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August 2017 Archives

Workers may face hazardous conditions on the job

A study conducted in 2015 suggests that a majority of employees may face unfavorable conditions while on the job in Pennsylvania and other states across the nation. Researchers who were involved in the effort expressed hope that their work will ultimately lead to a constructive debate on the improvement of such working conditions.

An increase in driverless vehicles may face delays

Pennsylvania readers may have heard that an influx of autonomous vehicles, or AVs, is just around the corner. After all, huge companies like Apple, Google and General Motors are spending billions of dollars on AV technologies. However, other experts claim that driverless cars may hit metaphorical roadblocks that slow their acceptance by consumers.

Dangers associated with water pipe repair technique

Pennsylvania plumbing construction workers may be interested to know that a frequently used method to fix water pipes can emit dangerous chemicals into the air. Researchers at Purdue University believe that the process should reviewed to accurately determine the hazards it presents to workers, the environment and the general public.

Companies lack consistency in injury, illness reporting

Some Pennsylvania employees may work for companies that track injuries and other health and safety issues inconsistently. A follow-up to a 2013 report was released on Aug. 1 from the Center for Safety and Health Sustainability. The report examined data from between June and December 2016 from companies on the Corporate Knights' Global 100 Most Sustainable Corporations list and found significant discrepancies in how various companies collected and reported data. From methodology in data collection to definitions used, these inconsistencies make it impossible for companies to create a standardized set of safety and health metrics for the workplace that global sustainability indexes can use.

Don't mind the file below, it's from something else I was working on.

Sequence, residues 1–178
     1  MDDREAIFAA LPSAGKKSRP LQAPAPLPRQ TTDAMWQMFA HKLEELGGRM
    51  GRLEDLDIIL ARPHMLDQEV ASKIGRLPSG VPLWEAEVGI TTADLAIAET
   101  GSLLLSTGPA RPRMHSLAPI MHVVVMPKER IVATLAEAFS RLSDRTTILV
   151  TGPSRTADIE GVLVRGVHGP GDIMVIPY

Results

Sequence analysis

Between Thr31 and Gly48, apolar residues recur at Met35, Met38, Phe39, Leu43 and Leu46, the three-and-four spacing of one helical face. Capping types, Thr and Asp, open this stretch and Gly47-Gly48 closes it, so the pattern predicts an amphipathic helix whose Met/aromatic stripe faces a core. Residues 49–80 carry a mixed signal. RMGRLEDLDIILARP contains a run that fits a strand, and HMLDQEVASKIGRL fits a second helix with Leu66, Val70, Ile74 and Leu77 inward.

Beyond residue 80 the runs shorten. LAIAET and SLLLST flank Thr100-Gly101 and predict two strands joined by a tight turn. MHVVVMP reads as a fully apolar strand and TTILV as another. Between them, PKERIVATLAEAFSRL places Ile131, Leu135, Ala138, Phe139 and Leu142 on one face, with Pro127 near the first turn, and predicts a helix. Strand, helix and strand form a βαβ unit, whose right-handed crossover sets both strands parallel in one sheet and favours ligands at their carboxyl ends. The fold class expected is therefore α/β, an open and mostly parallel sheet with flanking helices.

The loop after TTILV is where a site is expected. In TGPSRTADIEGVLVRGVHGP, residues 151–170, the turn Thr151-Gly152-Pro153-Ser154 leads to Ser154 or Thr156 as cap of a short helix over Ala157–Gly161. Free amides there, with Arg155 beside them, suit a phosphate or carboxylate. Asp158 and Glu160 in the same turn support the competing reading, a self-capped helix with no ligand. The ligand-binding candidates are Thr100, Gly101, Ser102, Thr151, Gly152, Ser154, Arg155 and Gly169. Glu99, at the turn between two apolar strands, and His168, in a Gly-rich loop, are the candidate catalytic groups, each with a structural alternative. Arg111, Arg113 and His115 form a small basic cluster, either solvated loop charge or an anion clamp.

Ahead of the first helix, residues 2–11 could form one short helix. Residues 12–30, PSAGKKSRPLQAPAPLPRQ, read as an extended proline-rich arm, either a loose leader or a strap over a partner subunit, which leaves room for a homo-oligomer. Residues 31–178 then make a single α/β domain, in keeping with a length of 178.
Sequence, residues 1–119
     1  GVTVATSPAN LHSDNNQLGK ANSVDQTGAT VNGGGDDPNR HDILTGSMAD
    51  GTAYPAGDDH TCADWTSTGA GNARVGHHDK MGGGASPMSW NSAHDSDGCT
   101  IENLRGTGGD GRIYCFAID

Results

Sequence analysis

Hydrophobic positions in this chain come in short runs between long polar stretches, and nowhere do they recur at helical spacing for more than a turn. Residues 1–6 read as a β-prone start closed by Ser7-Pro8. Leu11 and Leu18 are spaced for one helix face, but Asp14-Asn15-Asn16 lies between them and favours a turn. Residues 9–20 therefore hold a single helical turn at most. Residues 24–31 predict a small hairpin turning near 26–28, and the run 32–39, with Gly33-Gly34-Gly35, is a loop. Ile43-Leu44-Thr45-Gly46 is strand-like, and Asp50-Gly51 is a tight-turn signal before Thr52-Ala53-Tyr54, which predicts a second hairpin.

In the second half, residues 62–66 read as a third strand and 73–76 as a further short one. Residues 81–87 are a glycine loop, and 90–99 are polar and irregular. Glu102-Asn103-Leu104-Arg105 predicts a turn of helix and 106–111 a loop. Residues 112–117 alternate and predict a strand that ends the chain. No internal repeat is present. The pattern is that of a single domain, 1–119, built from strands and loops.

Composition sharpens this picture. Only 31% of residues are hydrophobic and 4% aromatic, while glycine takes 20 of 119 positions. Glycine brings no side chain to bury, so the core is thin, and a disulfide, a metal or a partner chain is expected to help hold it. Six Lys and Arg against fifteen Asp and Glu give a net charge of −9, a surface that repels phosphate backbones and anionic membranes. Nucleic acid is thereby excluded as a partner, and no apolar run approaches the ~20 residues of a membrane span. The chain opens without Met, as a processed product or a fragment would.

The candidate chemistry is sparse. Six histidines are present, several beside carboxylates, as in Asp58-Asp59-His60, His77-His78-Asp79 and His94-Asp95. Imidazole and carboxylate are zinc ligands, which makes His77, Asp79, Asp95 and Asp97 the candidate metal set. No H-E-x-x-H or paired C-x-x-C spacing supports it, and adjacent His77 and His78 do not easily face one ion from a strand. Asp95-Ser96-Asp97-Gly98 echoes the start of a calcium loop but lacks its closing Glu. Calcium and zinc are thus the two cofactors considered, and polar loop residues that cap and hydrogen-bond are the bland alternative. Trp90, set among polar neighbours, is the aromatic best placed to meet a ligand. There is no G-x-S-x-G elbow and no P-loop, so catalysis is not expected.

Safety potential of autonomous vehicles not coming soon

Pennsylvania motorists who are thinking about getting a new car might be intrigued by autonomous vehicles, but doubts remain about when they could be widely available on the market. Giant companies like General Motors, Google and Qualcomm have been investing billions in autonomous vehicle technology, but many barriers stand against the mainstream adoption of computer-driven cars.

FMCSA announces withdrawal of sleep apnea rule

The Federal Motor Carrier Safety Administration has announced that a proposed rule that would require some truck drivers in Pennsylvania and around the country to undergo mandatory sleep apnea testing will be withdrawn on August 7. The rule was originally proposed to clear up ambiguity about when truck drivers with a high risk of developing the debilitating sleep disorder should be tested. The withdrawal of the proposal means that these decisions will continue to be left to medical professionals, carriers and truck drivers.

Lack of sleep can lead to workplace injuries

When deadlines are looming, some Pennsylvania workers sacrifice the amount of time they get to sleep in order to get their work done. However, workers who are overtired and who do not get enough sleep are more likely to become involved in accidents, especially if the lack of sleep prevents them from being able to think clearly.

Almost 2,000 trucks ordered out of service during safety blitz

Pennsylvania residents may be surprised to learn that a recent one-day safety blitz conducted by the Commercial Vehicle Safety Alliance led to almost 2,000 semi-tractor trailers being ordered off the road. The nonprofit association of trade groups and national and local traffic safety officials concentrated on commercial vehicle braking systems during Brake Safety Day on May 3, and the group says that 1,146 of the 1,989 tractor-trailers that were pulled off the road during the initiative were ordered out of service due to some sort of braking violation or issue.